Each year the clocks go forward in March and back in October to mark the beginning and end of British Summer Time (BST). But what else do you need to know when it comes to the clocks changing?
When do the clocks change in 2019?
This year, Sunday March 31st marks the start of British Summer Time and clocks will go forward by one hour at 1 am – meaning that there’s more daylight in the evenings and less of it in the mornings.
BST is sometimes known as Daylight Saving Time.
Greenwich Mean Time (GMT) resumes from the last Sunday in October (October 27th, 2019) – when the clocks fall back one hour at 2 am.
Many use the phrase “spring forward, and fall (autumn) back” to remember when the clocks change.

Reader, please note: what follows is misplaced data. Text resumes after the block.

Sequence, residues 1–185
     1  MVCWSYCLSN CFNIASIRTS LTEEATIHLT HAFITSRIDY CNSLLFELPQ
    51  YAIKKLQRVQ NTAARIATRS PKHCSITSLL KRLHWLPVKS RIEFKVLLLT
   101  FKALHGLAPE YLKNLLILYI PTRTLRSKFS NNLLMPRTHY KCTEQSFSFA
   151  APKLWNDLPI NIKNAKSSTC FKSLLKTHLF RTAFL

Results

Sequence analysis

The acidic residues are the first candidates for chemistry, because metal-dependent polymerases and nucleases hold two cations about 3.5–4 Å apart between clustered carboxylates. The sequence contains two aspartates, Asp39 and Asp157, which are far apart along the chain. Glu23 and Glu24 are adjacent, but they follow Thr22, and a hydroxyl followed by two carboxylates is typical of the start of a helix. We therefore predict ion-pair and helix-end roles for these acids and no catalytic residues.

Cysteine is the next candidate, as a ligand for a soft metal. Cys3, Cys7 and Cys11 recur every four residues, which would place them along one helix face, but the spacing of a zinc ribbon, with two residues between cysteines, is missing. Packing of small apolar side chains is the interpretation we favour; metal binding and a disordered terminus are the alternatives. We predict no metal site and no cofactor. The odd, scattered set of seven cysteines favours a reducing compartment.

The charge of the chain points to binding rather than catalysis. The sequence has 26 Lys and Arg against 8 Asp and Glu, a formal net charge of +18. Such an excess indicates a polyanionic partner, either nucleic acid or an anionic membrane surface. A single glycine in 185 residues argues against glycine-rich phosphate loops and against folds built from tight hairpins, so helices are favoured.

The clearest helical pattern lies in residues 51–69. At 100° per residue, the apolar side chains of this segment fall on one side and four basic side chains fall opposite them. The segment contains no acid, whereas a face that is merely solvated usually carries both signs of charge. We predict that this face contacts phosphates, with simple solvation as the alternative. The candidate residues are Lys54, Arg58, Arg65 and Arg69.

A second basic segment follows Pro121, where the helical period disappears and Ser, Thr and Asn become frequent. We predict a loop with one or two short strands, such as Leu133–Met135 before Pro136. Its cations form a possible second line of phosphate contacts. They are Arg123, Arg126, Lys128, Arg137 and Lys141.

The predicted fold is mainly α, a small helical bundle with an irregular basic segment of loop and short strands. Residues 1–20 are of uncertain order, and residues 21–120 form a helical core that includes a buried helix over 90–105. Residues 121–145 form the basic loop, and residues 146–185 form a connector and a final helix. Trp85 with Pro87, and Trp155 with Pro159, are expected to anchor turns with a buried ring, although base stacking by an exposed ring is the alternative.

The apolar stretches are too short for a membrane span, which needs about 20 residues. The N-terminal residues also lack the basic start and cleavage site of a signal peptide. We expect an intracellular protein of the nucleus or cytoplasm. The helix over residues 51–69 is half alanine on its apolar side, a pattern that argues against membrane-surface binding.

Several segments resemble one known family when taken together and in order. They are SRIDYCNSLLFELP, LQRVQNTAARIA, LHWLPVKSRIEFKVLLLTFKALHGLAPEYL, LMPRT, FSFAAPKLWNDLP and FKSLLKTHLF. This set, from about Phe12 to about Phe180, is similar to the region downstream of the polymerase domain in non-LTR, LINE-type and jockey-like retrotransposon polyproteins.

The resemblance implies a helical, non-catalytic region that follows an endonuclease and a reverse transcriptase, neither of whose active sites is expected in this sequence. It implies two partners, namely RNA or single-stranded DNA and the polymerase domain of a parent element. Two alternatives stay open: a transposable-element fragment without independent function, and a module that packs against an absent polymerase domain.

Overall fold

This will mean getting one hour less in bed but will mean that there will be more daylight in the evenings from now on.
Many devices that are connected to the internet like tablets and phones will automatically update to the new time, but it is best to check to avoid getting caught out.
Daylight Saving Time was created by William Willett in 1907 to stop people wasting valuable hours of light in the summer months.
By setting the clocks back in winter, people get an earlier sunrise and earlier sunset.
In summer the sun rises and sets one hour later than it would without daylight saving.
In a pamphlet called “The Waste of Daylight” Willett wrote that clocks should be advanced by 80 minutes over four stages in April, and reversed the same way in September.
Germany became the first country to adopt the plan on April 30, 1916, in order to save on coal consumption, and on May 21, Britain followed.
The Summer Time Act of 1916 was passed by Parliament and the first day of British summer was reported as May 21, 1916.